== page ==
Saturday, 5 March 2016

ASMR: An Unstudied, Tingly Phenomenon.

Ever found yourself in the situation where you're sitting on YouTube asking yourself, why am I sitting here watching videos of someone running their nails down a hardback book and why am I enjoying it? Or why am I in a virtual Harry Potter room filled with the sounds of wind, fire and book pages turning and why can't I stop favouriting these videos? Yeah, me too. Those tingly feelings that some of you will get where these sounds literally make the hairs on the back of your neck stand up whenever you hear the crackling of a fire or pattering of rain is a result of ASMR - Autonomous Sensory Meridian Response.
Coined by Jennifer Allen in 2010, this is a relatively new phenomenon and one that has had very little research into it, probably because it is not a disruptive phenomenon and therefore no reason for doctors or scientists to worry about in terms of health risk therefore feel no real urgency to investigate, however it doesn't mean this isn't a fascinating peculiarity, and the lack of studies surrounding it are leaving us all wondering what triggers it and why it happens.

Misophonia. Credit
Many have compared it to misophonia - the hatred of sound, mainly very specific sounds such as chewing and stated that it may be on the opposite end of the same spectrum which sounds fairly plausible, but with little evidence on how it works and what it is, it's hard to really place it on a spectrum at all. Nonetheless, it uses the auditory cortex and as it's an emotional response it'll be linked to the limbic system, which ASMR could also be involved with - or not.

One of the very few studies looked at the different kinds of sounds people are attracted to with the majority being triggered by the sound of whispering and thus in some circles are referred to as the "Whisper Community." There is no solid evidence as to why people feel such sensations but the paper by Barratt & Davis (2015) suggests that this may be the result of a minor seizure, which is an interesting hypothesis as essentially all a seizure is, is excessive neuronal activity which in theory makes sense if this activity is happening in the sensory cortex of the brain. Another reason why this may be plausible is that one of the participants in the study were taking Clonazepam - a benzodiazepine which is used to treat seizures - and they had felt that their medication dulled their sensation of ASMR, however one participant out of 300+ is insignificant and therefore not a plausible reason for why this idea could ring true, however it does bring some ideas to the table as to why this is happening.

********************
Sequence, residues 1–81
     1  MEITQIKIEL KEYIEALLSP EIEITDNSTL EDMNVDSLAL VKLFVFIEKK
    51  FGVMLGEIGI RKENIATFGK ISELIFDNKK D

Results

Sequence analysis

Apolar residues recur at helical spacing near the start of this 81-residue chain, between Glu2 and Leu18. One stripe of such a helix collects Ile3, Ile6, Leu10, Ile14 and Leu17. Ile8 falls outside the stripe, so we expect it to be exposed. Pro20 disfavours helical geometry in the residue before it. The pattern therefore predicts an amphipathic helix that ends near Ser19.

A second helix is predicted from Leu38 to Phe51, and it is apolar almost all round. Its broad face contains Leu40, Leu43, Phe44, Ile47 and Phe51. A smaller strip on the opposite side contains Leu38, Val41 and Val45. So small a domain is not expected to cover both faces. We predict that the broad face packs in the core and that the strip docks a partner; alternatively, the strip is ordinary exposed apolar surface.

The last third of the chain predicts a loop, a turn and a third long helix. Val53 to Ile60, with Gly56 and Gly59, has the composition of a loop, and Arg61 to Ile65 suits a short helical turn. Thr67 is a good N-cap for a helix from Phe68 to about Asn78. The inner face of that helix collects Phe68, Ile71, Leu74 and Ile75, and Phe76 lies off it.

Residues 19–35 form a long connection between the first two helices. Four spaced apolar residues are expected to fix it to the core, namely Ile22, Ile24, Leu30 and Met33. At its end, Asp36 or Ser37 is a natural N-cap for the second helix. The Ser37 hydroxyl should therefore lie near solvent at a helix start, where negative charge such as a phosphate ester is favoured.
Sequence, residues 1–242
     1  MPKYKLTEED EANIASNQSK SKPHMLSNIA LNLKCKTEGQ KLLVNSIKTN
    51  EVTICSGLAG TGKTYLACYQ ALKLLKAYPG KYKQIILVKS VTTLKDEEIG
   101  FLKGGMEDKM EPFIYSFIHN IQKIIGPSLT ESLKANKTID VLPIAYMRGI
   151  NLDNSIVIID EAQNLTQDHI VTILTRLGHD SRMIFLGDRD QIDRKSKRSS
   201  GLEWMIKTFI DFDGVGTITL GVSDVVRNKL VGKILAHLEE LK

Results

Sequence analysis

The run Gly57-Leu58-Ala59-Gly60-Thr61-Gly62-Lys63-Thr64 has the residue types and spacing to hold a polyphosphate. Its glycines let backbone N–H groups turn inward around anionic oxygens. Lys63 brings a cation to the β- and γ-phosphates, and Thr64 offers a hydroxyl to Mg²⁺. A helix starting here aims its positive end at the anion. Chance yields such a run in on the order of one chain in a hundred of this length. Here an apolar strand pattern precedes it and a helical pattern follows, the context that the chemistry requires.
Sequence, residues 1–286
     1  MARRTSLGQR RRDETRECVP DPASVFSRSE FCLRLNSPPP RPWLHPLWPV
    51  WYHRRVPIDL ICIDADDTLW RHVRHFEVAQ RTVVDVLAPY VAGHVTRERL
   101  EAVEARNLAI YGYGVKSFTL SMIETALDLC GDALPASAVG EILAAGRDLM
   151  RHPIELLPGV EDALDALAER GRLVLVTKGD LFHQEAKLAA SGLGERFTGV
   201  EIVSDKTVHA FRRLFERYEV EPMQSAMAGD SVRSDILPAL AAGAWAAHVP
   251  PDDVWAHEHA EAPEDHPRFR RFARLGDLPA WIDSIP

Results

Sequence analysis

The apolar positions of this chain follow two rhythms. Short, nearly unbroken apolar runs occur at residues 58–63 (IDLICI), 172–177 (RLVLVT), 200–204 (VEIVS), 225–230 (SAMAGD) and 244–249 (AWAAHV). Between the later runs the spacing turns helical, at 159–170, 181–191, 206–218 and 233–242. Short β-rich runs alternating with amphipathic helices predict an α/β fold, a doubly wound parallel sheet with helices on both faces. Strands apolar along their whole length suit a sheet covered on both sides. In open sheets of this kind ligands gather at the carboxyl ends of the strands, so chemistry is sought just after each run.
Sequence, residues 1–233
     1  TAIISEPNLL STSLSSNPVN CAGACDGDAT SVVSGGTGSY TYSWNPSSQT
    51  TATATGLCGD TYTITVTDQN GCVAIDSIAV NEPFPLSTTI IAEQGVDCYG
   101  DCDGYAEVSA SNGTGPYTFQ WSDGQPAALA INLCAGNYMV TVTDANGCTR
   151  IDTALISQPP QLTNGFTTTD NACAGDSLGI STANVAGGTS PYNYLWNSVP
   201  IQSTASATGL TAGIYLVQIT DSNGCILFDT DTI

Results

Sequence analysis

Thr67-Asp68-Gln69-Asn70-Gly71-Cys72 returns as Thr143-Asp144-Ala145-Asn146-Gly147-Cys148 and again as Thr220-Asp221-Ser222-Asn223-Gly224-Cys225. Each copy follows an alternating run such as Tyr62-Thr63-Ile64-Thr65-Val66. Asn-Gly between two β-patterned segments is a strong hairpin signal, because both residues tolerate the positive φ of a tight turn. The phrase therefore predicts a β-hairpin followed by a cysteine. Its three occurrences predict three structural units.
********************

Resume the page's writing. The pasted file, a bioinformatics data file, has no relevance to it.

I've been told the feeling is similar to having one of these things. I can confirm that whilst I do not benefit from ASMR videos, I do benefit from these things! They're the best!
So, are you having little seizures when the hairs on the back of your neck stand up when you hear a satisfying noise? Maybe. What about this physical similarity to goosebumps? Essentially it's giving you goosebumps which is caused by adrenaline - the fight or flight response, which makes sense as adrenaline is a catecholamine, a group of neurotransmitters which includes dopamine and noradrenaline which are also responsible for pleasure and stress responses respectively, which in this case can be attributed to the pleasure and skin response within ASMR. However we have yet to figure this out and can only speculate at the moment.

Hopefully there will be more research on this because it could have potentially therapeutic effects. Chronic pain sufferers from the Barratt study stated that the pleasant experience worked as a coping mechanism for their pain, which could make sense if the chemical processes involved are implicated in pain response as well as pleasure response. A better understanding can be hugely beneficial within the area of medicine and psychiatry and a few neuroimaging studies wouldn't go amiss.

Despite the little research on ASMR there is a huge community online surrounding it, and it's quite lovely. I personally don't get tingles or shivers, but I do find the Harry Potter and library ones to be fantastic for essay writing and general relaxation. Lately I've found myself having them on repeat in the background underneath my music, it really is a pleasant experience.

What are your experiences with ASMR? Have you ever wandered around that area of YouTube? I can guarantee it being a fun few hours if you're into it, and potentially life changing if you get the tinglies yourself!

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